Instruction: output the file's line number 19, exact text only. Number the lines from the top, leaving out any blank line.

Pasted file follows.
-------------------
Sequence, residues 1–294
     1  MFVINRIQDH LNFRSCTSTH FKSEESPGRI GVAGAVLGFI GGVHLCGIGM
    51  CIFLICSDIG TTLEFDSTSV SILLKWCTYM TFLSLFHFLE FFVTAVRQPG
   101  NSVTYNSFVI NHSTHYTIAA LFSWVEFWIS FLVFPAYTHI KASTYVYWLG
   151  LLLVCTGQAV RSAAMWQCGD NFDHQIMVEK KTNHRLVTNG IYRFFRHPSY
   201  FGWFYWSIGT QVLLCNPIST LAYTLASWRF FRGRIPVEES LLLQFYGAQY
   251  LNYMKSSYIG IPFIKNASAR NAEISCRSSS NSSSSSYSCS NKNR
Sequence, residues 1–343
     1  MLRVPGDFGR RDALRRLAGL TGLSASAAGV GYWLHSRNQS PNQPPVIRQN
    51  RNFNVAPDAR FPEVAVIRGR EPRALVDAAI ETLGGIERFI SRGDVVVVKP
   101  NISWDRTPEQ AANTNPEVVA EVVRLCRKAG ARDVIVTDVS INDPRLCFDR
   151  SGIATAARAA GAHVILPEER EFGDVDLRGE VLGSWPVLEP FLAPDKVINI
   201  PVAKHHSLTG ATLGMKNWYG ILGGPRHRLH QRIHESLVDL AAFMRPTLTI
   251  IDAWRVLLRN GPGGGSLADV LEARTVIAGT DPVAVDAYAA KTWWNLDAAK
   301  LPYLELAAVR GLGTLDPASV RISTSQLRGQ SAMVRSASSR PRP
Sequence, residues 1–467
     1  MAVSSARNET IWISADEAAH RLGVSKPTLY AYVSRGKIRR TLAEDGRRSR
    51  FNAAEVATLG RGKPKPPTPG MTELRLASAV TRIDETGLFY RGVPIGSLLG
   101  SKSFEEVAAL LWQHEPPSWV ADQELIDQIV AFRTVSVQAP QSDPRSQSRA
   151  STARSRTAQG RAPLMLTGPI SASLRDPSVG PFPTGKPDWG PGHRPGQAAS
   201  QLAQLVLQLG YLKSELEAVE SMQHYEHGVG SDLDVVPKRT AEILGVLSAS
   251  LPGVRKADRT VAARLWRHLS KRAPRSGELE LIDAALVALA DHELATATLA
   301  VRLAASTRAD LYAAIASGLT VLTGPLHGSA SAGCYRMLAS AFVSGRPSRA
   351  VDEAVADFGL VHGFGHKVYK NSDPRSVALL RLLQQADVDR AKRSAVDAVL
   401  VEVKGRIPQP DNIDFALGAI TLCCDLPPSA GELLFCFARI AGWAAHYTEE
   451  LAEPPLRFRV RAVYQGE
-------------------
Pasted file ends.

   101  SKSFEEVAAL LWQHEPPSWV ADQELIDQIV AFRTVSVQAP QSDPRSQSRA